The trade size impacts not only the profit or loss on the position, but also liquidity. You need to manage the liquidity on the trade so you can get out quickly when you are wrong. If you get stuck in a large position that you cannot easily exit, you could be faced with a risk management disaster.

Risk management becomes more complicated when you are managing multiple positions. Don’t concentrate too much of your capital on any one trade or group of trades, and make sure you always know exactly where you stand on an account level.

You can be right and still end up losing if you use too much leverage. If your highly leveraged position experiences an adverse move, you might not be able to bear it, and your broker could close your trade out at an inopportune moment – even if it would have eventually gone for you in the end. If you wake up thinking a position is too big, cut down on your trade size.

Know your risk/reward potential

A critical part of risk management is knowing the potential risk/reward on the trade. You should only take trades where you can generate a decent risk/reward ratio.

Generally, you will want to structure your trades to be right skewed – that is, the maximum loss is limited, but the potential upside is unlimited. In addition, it’s important to understand the risk/reward of the trade as it stands dynamically (not just when you put it on).

Be prepared to deal with situations that might seem statistically impossible

Always expect the unexpected from the markets. Statistically improbable events occur far more often than they theoretically should. Work out what you will do when you experience one of these events in your risk management plan.

Just ask the founders of Long Term Capital Management about how they brought the financial markets to the brink of disaster in the late 1990’s by assuming that the “statistically impossible” would not happen.

Ask anybody who experienced the 1987 Black Monday crash, or any of the several flash crashes that should “never” have happened in a rational market. If you are not prepared, and stick around when the market is severely against you, eventually they are going to carry you out.

Have no boundaries, be open to everything

The market wizards are remarkably open-minded.

Though they may hold a strong view in a particular move, if they see evidence to the contrary they will turn on a dime. They are also uniquely adept at identifying opportunities based on what they see in-front of them. Stuart Walton sums up the attitude colourfully when he states:

“My philosophy is to float like a jelly fish and let the market push me where it wants to go.”

This flexible mindset is essential both in avoiding losses and in uncovering opportunities.

Being wrong is acceptable but staying wrong is totally unacceptable

“The main thing is that every trader has to be honest about his or her weakness and deal with it. If you can’t learn to do that you will not survive as a trader.” – Mark Cook, Market Wizard

Good traders have humility. They have the ability to admit when things are not going their way and make a new decision. They know that part of trading is being wrong.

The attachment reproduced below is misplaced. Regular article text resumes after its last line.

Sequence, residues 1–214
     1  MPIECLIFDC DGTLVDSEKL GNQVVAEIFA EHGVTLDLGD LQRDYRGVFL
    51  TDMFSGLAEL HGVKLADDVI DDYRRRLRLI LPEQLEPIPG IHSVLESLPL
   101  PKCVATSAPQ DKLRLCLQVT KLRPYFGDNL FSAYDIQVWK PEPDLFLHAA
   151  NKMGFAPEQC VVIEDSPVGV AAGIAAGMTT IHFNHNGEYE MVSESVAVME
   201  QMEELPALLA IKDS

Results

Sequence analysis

Sometimes well-constructed ideas just don’t play out as hoped. This is OK, it’s a natural part of trading. But what is destructive to your trading account is being wrong and stubborn. If your ego gets in the way of admitting that the market is not doing what anticipated, and causes you ignore the signs that you need to make a change, then that is totally unacceptable.

It’s not about being right: it’s about how much money you make when you are right

Good trading is not about being right – it’s about making money.

In fact, for many people, the need to be right gets in the way of making money. In Stock Market Wizards, Stephen Cohen suggests that his top trader makes money only 63% of the time, and that most traders only get 50-55% of their ideas correct, even though in the end they come out way in front.

To make money, you have to be prepared to change your opinion. You should hold no loyalty to your positions. Anything that has happened up to the present time is history, and if things change you need to change with them too.

Clinging to wrong beliefs is a recipe for sub-optimal returns. If you are wrong, get out and focus on something that is looking more promising.

The mind is like a parachute; it’s only good when it’s open

“I sit back and try to see what idea rises to the top.” – Stuart Walton, Market Wizard

Don’t be picky about how you make your money. Keep an open mind to the opportunities the market is presenting you. This is about being conscious. Consciousness is one of the trader’s most critical tools – be self-aware and open to ideas that are presented to you.

Keep your trading models as flexible as possible, so that you give yourself the ability to jump on the opportunities when they come your way.  Have a curious mind and continually ask why – why do you have that view, what is the evidence, and what can you do to best capitalize on it?

Be your own person and think against the herd

“It’s not enough to simply have the insight to see something apart from the rest of the crowd, you also need to have the courage to act on it. It’s very difficult to be different from the rest of the crowd the majority of the time, which by definition is what you are doing if you’re a successful trader.” – Bill Lipschitz, Market Wizard

A critical ingredient of a master trader mindset is a maverick mind. The market wizards have the courage to act against conventional wisdom. If you can do the opposite of what the people around you are going to do, you should be able to make a good return.

The market wizards tend to have a large dose of contrarian thinking. They are quite comfortable acting against the herd. They tend to hold little regard for the opinions of Wall Street analysts and are relaxed in taking a contrary view.

To win you need to act like the minority, but timing is important